Trump calls stock selloff 'a correction,' says Federal Reserve is 'crazy'

Lloyd Doyle
October 11, 2018

U.S. President Donald Trump said that Wednesday's stock market sell-off was in fact a long-awaited "correction", and that the Federal Reserve, which has been raising U.S. interest rates, had gone "crazy".

"The Fed is making a mistake", he told reporters on Wednesday as he arrived in Pennsylvania for a campaign rally.

"I think the Fed has gone insane", President Donald Trump said.

But he downplayed the first major drop in months, saying, "it's a correction that we've been waiting for a long time".

"I really disagree with what the Fed is doing", Trump said.

'As stocks go up, tech goes up more than the stock market.

In Europe this week, the closely-watched spread between the rates on 10-year bonds in Italy compared with those offered by Germany, which is a measure of the added risk perceived by investors to holding onto Italian debt, hit the highest level since April 2013.

The Dow Jones Industrial Average has plunged more than 800 points, its worst drop in eight months, led by sharp declines in technology stocks.

China Mobile shares fell 3.7%, insurance group Ping An dropped 4.1% and China Construction Bank lodged a slide of 3.2%.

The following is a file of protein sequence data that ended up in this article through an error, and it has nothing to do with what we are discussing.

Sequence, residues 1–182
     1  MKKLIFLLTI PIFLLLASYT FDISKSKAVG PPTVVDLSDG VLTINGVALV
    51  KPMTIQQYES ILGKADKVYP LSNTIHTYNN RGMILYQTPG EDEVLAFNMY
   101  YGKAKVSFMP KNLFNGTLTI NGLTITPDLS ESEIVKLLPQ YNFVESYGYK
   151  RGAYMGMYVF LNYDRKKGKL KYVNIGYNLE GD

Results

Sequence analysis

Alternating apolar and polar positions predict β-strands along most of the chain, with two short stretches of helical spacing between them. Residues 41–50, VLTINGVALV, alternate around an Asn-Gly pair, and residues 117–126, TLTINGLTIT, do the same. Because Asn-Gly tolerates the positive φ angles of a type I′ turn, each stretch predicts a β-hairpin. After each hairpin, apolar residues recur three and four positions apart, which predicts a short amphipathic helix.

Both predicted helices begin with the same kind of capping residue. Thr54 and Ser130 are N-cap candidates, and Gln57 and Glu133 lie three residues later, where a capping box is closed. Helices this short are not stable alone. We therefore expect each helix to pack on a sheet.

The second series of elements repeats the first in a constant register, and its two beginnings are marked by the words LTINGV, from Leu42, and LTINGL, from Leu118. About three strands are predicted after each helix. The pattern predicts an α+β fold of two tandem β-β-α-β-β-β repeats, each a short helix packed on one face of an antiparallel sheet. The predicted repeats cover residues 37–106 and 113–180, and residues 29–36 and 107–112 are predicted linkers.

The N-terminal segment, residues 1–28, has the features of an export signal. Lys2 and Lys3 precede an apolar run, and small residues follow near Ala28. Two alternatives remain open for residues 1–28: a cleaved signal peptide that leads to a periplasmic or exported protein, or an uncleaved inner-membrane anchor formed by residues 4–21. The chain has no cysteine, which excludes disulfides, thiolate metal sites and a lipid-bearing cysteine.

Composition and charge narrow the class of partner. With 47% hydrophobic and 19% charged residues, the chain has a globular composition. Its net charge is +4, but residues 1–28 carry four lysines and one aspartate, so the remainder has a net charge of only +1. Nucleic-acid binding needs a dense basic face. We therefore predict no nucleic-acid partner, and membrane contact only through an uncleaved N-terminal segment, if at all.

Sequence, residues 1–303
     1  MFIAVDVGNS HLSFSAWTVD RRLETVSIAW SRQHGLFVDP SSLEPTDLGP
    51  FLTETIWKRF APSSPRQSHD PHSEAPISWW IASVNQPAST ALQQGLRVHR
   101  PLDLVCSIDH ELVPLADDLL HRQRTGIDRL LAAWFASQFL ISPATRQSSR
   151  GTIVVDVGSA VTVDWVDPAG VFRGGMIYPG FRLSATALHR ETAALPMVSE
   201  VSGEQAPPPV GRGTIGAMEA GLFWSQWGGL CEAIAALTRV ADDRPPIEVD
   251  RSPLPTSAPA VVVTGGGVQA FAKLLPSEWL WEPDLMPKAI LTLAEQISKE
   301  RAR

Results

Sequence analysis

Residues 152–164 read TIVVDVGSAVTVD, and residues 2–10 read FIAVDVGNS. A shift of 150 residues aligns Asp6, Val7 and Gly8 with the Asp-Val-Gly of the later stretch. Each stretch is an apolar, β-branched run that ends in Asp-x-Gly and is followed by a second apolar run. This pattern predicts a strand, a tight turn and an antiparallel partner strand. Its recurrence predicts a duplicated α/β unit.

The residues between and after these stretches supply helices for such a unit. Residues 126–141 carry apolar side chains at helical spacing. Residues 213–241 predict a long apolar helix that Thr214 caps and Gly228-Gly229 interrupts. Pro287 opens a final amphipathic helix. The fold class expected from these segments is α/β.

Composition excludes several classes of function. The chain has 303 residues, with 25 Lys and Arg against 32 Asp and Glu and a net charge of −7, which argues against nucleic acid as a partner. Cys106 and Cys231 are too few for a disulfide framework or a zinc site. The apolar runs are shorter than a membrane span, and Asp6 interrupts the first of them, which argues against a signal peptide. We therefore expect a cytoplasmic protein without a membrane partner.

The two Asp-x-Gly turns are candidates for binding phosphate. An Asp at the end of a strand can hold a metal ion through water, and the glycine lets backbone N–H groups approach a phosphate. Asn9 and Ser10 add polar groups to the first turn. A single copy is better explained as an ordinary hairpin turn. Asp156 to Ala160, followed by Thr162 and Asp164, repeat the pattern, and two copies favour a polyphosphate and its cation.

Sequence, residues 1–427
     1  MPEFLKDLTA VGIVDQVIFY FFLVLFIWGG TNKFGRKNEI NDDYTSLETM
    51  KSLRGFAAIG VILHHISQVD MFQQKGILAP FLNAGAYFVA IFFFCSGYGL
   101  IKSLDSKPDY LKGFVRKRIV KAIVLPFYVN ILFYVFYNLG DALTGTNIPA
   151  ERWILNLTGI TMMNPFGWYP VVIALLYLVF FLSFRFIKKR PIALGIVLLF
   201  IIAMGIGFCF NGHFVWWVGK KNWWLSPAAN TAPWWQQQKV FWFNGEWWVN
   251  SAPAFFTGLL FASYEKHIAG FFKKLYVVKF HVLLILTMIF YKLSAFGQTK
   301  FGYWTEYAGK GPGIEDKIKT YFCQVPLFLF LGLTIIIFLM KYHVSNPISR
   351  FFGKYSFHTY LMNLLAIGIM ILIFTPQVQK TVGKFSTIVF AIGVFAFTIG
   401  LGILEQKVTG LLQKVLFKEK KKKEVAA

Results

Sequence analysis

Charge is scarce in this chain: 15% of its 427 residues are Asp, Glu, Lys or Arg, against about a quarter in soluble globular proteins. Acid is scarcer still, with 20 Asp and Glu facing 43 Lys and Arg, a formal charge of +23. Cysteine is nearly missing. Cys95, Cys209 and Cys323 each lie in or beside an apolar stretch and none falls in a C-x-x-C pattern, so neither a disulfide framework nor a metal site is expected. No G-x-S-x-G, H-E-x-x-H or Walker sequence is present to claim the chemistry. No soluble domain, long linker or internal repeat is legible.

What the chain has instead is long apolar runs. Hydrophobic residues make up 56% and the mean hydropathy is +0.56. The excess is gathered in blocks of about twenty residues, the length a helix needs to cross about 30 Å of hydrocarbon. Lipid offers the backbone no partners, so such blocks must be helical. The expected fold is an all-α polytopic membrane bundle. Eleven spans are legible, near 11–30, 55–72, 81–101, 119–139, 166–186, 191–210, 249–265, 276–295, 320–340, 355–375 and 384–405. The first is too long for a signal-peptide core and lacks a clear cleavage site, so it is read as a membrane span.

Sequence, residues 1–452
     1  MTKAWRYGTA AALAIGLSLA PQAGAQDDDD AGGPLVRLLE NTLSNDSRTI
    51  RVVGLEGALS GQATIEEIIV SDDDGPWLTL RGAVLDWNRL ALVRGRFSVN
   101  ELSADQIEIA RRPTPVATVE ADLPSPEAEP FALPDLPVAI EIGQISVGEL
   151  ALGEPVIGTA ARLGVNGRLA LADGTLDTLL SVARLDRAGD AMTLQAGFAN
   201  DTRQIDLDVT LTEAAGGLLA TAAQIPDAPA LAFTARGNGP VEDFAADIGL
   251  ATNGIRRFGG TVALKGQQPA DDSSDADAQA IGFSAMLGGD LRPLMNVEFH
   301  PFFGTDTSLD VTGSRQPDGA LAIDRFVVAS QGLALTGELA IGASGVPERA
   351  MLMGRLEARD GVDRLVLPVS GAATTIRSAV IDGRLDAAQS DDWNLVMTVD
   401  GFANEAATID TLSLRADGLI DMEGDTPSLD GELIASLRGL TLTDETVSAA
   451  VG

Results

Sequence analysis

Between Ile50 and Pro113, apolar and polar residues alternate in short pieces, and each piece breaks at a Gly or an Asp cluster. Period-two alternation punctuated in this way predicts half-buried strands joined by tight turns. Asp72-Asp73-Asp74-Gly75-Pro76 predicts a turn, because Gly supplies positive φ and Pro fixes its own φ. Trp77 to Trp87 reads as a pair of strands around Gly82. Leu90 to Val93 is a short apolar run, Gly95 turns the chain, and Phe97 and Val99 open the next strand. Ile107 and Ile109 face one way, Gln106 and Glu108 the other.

"Clearly stocks are spooked by higher rates and maybe some inflation that seems to be creeping in", said Michael Farr, CEO of Farr, Miller & Washington.

Those financial crisis-inspired programmes - such as quantitative easing - are now ending and the Fed has raised U.S. interest rates three times already this year - raising borrowing costs - and could add a fourth hike by the end of 2018.

At market close on Wednesday, the Dow (^DJI) lost 3.15%, or 831.83 points, and the S&P 500 (^GSPC) fell 3.29%, or 94.66 points.

She said in addition to rising interest rates, investors also fear that company profit margins will be squeezed by rising costs, including the price of oil.

"The fundamentals and future of the US economy remain incredibly strong", Sanders said in a statement.

"As concerns increase over higher interest rates dampening growth, investors are evolving their trading strategies accordingly".

"It's shifting the tectonic plates", said Jack Ablin, chief investment officer at Cresset Wealth Advisors. The problem I have is with the Fed. Berkshire Hathaway dipped 4.7 percent to $213.10 and reinsurer Everest Re slid 5.1 percent to $217.73.

On Friday, federal data showed that the US jobless rate fell to 3.7 percent in September, its lowest point since 1969. In Paris, shares in Kering fell almost 10 percent, LVMH over seven percent and Hermes around five percent.

Other reports by Iphone Fresh

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